In my opinion the #1 risk for corruption is user/client error with the timestamps.  Over time, Cassandra flushes data from memory to disks.  After it flushes to disk, Cassandra doesn't go back to delete or modify that data.  Because of this, deletes are performed by writing a "tombstone" to disk.  This can lead to corruption if you attempt to change the timestamps your clients are producing after data has been inserted.  For example, if you originally were using microseconds for timestamps, you may have inserted a record with a timestamp of 1234567000000.  If you switched your Cassandra clients to use seconds for the timestamp and attempted to delete a record 1 second later, the tombstone would be placed at 1234567, and since 1234567 < 1234567000000 the record would not be deleted.  A de-facto standard of microseconds has been recommended to clients, but it's important to ensure consistency if you switch clients or start using a client in a different language.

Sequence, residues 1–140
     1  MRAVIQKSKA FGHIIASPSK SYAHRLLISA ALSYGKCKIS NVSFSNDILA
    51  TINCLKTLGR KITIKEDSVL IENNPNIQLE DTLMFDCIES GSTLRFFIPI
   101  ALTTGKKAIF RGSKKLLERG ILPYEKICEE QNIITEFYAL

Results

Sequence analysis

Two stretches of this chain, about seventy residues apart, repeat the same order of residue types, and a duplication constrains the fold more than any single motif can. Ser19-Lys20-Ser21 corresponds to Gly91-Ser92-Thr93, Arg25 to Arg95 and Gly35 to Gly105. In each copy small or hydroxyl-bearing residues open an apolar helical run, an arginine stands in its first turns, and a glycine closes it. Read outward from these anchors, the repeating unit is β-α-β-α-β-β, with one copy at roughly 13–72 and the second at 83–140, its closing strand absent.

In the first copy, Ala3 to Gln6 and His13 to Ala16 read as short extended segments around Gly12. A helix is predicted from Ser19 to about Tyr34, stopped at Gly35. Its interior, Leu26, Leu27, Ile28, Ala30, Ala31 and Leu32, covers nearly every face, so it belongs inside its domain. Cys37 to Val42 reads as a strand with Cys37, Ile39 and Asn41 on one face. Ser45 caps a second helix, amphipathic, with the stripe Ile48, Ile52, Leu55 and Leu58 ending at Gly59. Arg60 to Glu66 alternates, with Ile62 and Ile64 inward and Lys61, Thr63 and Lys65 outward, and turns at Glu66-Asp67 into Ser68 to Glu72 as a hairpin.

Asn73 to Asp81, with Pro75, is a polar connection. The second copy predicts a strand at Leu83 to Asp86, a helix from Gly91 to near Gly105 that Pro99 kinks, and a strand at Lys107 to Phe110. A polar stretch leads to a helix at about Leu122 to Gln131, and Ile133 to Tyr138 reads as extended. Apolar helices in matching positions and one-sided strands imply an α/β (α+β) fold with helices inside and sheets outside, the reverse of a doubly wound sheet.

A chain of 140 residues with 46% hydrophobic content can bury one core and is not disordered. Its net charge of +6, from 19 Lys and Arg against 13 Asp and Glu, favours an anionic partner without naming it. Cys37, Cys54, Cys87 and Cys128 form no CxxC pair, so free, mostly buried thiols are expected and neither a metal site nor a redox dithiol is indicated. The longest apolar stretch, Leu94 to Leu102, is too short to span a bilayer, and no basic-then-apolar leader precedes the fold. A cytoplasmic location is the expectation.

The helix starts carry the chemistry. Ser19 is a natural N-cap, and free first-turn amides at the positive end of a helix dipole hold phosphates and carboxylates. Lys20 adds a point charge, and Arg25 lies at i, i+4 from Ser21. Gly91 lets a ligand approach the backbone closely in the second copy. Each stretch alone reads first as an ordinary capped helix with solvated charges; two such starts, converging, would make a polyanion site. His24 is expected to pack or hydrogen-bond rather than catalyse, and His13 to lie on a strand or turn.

More discussion on timestamps: http://comments.gmane.org/gmane.comp.db.cassandra.devel/1165

-Ben


On Tue, Jun 8, 2010 at 10:45 PM, Hector Urroz <hector@magpieti.com> wrote:
Hi all,

We're starting to prototype Cassandra for use in a production system and became concerned about data corruption after reading the excellent article:
where Evan Weaver writes:

"Cassandra is an alpha product and could, theoretically, lose your data. In particular, if you change the schema specified in the storage-conf.xml file, you must follow these instructions carefully, or corruption will occur (this is going to be fixed). Also, the on-disk storage format is subject to change, making upgrading a bit difficult."

Is database corruption a well-known or common problem with Cassandra? What sources of information would you recommend to help devise a strategy to minimize corruption risk, and to detect and recover when corruption does occur?

Thanks,

Hector Urroz